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Treatment of Dislocations
Distal interphalangeal (DIP), proximal interphalangeal (PIP), and metacarpophalangeal (MCP) dislocations are often suspected on initial inspection. Dislocations are described using the position of the distal bone relative to the more proximal one. Dorsal DIP and PIP dislocation are most common. Radiographs are advised to exclude fracture and confirm dislocation.
Patients with closed DIP, PIP, and MCP dislocation often require digital nerve block prior to closed reduction. Most acute DIP and PIP dislocations are easily reduced on the first attempt. In select patients, after counseling and consent, a single rapid joint reduction attempt without digital nerve block may be considered. Reduction is achieved with distraction traction-counter traction. Inability to reduce the joint requires hand surgeon consultation. Following reduction, all patients require splinting in extension, neurovascular reassessment, confirmatory post-reduction radiographs, and referral to a hand surgeon.
Scapholunate dissociation results from injury of the scapholunate interosseous ligament. The most common mechanism is a high-impact FOOSH with wrist hyperextension and ulnar deviation.1
Physical examination reveals wrist swelling, point tenderness over the scapholunate joint, and decreased range of motion. Patients should be risk-stratified for scaphoid fracture, as the typical mechanism of injury is similar.
Patients with scapholunate diastasis >3 mm,2,3 or clinical suspicion of scapholunate dissociation with equivocal imaging are placed in a thumb spica splint and referred to a hand surgeon. Scapholunate dissociation may require non-emergent surgical intervention to decrease the risk of severe and debilitating wrist dysfunction.
Perilunate Dislocation and Lunate Dislocation
Perilunate dislocation and lunate dislocation are typically discussed together. They most commonly occur due to a high-impact FOOSH injury with wrist hyperextension. Physical examination may demonstrate swelling and deformity of the wrist, point tenderness over the dorsal aspect of scapholunate joint, and decreased range of motion.4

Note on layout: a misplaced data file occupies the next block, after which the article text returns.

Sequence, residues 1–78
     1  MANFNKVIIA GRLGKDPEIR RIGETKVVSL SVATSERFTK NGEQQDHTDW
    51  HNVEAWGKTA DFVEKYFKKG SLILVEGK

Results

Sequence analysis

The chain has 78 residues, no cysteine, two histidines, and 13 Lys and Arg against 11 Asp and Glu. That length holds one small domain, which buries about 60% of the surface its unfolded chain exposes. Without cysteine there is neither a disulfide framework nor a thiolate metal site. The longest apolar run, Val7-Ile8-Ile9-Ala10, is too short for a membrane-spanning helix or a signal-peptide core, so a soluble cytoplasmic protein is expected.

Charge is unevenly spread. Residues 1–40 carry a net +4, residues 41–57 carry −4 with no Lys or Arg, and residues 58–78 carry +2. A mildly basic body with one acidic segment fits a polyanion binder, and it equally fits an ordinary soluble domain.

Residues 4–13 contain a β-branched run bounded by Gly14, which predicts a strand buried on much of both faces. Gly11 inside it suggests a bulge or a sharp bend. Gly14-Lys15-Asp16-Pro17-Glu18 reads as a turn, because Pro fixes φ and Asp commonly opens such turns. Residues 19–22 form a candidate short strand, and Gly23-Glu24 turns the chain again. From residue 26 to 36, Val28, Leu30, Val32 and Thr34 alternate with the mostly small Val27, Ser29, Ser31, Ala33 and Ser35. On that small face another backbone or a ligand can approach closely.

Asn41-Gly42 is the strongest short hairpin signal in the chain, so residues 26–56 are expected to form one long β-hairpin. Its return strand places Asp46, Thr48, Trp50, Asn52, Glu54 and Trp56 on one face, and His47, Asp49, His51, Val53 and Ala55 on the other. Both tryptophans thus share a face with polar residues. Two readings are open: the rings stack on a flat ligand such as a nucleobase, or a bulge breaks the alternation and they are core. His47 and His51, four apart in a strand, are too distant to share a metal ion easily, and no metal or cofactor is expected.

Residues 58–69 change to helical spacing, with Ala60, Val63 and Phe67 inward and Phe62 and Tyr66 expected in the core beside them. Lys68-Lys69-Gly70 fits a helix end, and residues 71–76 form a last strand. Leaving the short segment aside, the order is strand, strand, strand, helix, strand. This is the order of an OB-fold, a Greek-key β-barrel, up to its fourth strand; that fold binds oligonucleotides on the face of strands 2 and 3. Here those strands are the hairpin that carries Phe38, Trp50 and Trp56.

Posterior-anterior radiographs of the wrist are abnormal in perilunate and lunate dislocation; however, lateral views depict a greater degree of carpal bone displacement. Careful radiographic review (with particular attention to the lateral view) should be undertaken because missed injuries occur frequently. A 1993 study by Herzberg et al of 166 patients with perilunate dislocation reported a rate of missed injury of 25%.5
In perilunate dislocation, the lateral radiograph demonstrates displacement of the capitate (typically dorsal) with retention of the lunate articulation with the radius. The posterior-anterior view demonstrates loss of the continuity of the 3 carpal arcs and is referred to as “jumbled carpus.”
In lunate dislocation, the lateral radiograph shows displacement and rotation of the lunate (usually volar), known as the “spilled teacup” sign. The posterior-anterior view in lunate dislocation demonstrates a triangle-shaped lunate, known as the “pie in the sky” sign. Closed reduction of lunate dislocation and perilunate dislocation is often technically difficult. Emergent consultation with a hand surgeon is recommended to coordinate closed reduction versus open reduction and fixation in the operating room.5
Treatment of Fractures
Fractures of Phalanges 2, 3, 4, 5
Distal phalanx fractures are classified into 3 categories: (1) tuft, (2) shaft, or (3) base factures. Focused physical examination should identify point tenderness and associated nail plate injury, tendon injury, or open fracture. Anterior-posterior and lateral radiographs are recommended.6
Displaced, closed distal phalanx fractures require reduction, followed by a volar digital splint immobilizing the DIP joint. All patients with these injuries should be referred to a hand surgeon.
Based on the evidence, prophylactic antibiotics confer no benefit to low-risk open tuft fractures. Stevenson et al performed a double-blind randomized controlled trial of 193 patients with low-risk open distal phalanx fractures, all of whom underwent meticulous wound care in the ED and were then randomized to flucloxacillin versus placebo. No significant difference in wound infection rates was found (3%, and 4%, respectively; P > .05).7 Low-risk open tuft fractures require meticulous wound care, followed by reduction, primary closure, and a volar digital splint. High-risk open tuft fractures may benefit from prophylactic antibiotics.
Middle and Proximal Phalanx
Middle and proximal phalanx fractures are relatively more susceptible to rotational forces. Physical examination should identify rotational deformity (eg, scissoring of the digits with flexion), tendon injury, and open fracture. Two-view radiographs are recommended.
Displaced fractures require digital nerve block, closed reduction, and splinting. Proximal phalanx fractures in digits 2 and 3 require a radial gutter splint, while digits 4 and 5 require an ulnar gutter splint. Following splint application, all patients require neurovascular reassessment and confirmatory post-reduction radiographs. All patients with these injuries should be referred to a hand surgeon.